Since I started Lubricity last week, I’ve been thinking about the meaning of the word and, ironically, how this space will define itself in its own non-definitional way. One way of going about this has been to think about what won’t be happening in this space. Expect more soon on what kinds of things you WILL be seeing, as well!
One thing that I am planning to leave off this site is the obituary. Perhaps the most difficult part of being a member of the jazz community as a young man with a whole life in jazz ahead of me is being constantly surrounded by the reminder that everyone of import in the jazz world seems to be either dead or dying. In my last post, I talked about being raised by ghosts. That will continue to be true without having to take note of the passing of every next jazz musician (today it was Wes Montgomery’s brother Buddy.)
Lucky for me, most of my favorites are already dead anyway. My man Jack Teagarden kicked it 20 years before I was even born. Miles Davis met his maker when I was 7 and hadn’t even heard of jazz. I remember hearing news of JJ Johnson’s death in high school, but I never had a chance to hear him play live. Who knows, maybe this is about my own fear of death more than it is about any kind of editorial decision. But when I read the news of bassist, retired basketball player and inspirational cancer-battling amputee Wayman Tisdale’s death this morning, I realized that I’d have to make an exception in my non-eulogizing policy.
Allow me to interject that in addition to being a jazz trombonist and aspiring academic, I am an uncompromisingly allegiant follower of the NBA’s Portland Trail Blazers. I follow as many basketball blogs as jazz ones, and so when jazz shows up in a story at ESPN.com in lower-case letters — no, we’re not talking about the most-ironically-named franchise in sports history here — I notice. Mr. Tisdale’s story is one worth knowing, whether you’re a basketball fan, smooth jazz lover, or any other kind of human being.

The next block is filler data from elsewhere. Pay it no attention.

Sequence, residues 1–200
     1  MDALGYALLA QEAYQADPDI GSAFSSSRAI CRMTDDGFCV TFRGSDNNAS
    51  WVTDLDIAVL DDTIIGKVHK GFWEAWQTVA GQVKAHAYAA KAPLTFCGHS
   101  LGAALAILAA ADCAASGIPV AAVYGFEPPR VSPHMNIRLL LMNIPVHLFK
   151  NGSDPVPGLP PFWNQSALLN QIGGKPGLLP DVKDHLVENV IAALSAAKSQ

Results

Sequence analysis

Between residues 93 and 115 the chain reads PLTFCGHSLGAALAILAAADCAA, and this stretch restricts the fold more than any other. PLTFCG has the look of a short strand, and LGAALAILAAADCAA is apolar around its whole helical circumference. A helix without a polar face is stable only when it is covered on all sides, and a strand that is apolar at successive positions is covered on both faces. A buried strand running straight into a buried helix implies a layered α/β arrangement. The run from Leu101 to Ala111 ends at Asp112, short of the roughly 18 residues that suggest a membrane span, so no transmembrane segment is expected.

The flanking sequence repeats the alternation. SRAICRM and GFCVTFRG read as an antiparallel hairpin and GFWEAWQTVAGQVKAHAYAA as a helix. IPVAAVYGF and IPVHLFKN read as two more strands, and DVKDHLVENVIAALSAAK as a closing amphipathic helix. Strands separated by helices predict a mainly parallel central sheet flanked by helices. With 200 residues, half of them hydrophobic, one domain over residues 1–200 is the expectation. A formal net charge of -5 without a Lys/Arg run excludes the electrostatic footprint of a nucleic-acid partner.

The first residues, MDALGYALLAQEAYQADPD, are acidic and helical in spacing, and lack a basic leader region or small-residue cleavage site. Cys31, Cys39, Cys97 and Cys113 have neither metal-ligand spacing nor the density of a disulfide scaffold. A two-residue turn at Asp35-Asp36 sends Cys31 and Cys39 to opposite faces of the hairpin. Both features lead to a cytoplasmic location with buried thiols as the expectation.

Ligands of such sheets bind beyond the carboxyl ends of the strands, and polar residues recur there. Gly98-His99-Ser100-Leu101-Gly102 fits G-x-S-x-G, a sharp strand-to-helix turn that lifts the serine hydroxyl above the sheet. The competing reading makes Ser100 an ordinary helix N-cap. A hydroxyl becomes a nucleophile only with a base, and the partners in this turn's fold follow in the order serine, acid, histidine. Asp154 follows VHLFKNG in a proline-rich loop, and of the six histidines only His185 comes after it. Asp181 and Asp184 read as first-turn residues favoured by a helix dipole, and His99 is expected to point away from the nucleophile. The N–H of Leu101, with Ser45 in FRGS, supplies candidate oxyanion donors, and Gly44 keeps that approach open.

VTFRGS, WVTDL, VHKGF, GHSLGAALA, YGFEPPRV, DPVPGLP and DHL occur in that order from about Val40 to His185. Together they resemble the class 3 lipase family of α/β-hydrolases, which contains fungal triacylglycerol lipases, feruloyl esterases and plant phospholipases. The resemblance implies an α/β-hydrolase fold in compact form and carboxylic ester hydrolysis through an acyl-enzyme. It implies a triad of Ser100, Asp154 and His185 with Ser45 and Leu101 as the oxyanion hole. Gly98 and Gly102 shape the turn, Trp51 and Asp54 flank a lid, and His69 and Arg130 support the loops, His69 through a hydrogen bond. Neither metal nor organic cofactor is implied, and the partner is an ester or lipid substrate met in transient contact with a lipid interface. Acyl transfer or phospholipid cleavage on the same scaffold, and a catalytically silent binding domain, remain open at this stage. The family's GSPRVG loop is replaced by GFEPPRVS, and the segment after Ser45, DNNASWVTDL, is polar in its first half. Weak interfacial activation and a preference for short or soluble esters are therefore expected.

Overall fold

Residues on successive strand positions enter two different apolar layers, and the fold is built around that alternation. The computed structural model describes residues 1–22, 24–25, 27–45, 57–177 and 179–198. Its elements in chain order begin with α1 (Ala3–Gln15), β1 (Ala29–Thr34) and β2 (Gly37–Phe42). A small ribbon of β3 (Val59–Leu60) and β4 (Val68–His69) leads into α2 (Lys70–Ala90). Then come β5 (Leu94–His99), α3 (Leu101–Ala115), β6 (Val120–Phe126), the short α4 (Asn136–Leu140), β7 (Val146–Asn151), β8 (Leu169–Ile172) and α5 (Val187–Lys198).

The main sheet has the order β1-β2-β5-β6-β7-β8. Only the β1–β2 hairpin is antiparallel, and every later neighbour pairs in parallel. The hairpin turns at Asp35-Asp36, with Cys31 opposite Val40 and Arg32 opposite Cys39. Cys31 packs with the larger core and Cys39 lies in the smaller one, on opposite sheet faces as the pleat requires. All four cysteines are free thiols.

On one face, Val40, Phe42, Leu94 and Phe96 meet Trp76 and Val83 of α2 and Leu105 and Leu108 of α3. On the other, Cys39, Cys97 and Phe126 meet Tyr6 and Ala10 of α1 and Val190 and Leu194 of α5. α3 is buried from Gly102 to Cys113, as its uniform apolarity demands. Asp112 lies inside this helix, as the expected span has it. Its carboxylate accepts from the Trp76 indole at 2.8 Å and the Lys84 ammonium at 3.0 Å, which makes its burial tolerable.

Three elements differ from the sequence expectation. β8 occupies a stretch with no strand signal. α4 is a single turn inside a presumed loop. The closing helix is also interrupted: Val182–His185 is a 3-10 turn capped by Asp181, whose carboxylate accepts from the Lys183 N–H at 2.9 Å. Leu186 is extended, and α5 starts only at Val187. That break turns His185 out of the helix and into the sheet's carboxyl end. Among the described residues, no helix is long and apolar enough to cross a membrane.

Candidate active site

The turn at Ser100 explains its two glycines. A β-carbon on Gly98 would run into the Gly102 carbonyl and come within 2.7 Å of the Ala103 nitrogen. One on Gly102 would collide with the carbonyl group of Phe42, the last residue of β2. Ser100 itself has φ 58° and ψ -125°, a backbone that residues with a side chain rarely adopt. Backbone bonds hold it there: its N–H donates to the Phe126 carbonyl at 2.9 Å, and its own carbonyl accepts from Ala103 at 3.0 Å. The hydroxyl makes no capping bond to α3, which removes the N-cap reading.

I can’t profess to know Mr. Tisdale, nor am I familiar with his work. A very personal and touching remembrance, however, can be found here. I remember hearing his name occasionally when he played against my Portland Trail Blazers in the early ’90s — “Wayman Tisdale” has quite a memorable ring to it. Then I started learning more about him. Playing bass and writing music hepled him through a terrifying struggle, and it is very sad to learn that his remarkable recovery from cancer was so short-lived.
Another reason why I was inspired to write about Mr. Tisdale’s passing today is the fact that it was not marked by any of the big players in the jazz blogging community. Ironically, today’s jazz news was all about the up-and-coming generation of jazz musicians being celebrated at the 2009 National Jazz Awards in Toronto. Obviously, the coverage is warranted. As are some of the other interesting things up around the blogosphere today. I just want to provide a link and a place for those of us in the jazz community to reflect on the passing of someone whose musical career gave him the strength to fight cancer — to lose his leg and ultimately his life in that struggle.
I know that part of the reason that Tisdale doesn’t show up in the jazz blogroll today is because many of us wouldn’t agree to call his music “jazz.” I mean, the stuff is pretty smooth. We’re talking track titles like “Summer Breeze” and “Early Morning Drive.” He may not be Jaco Pastorius, but he wasn’t a bad slap-funk-bassist-type. He could lay down some nice grooves, call them what you will. And whether or not you dig his music, he still belongs in our thoughts today as a part of this big, strange neighborhood we call jazz. I hope that his surviving family members receive some of the good vibes.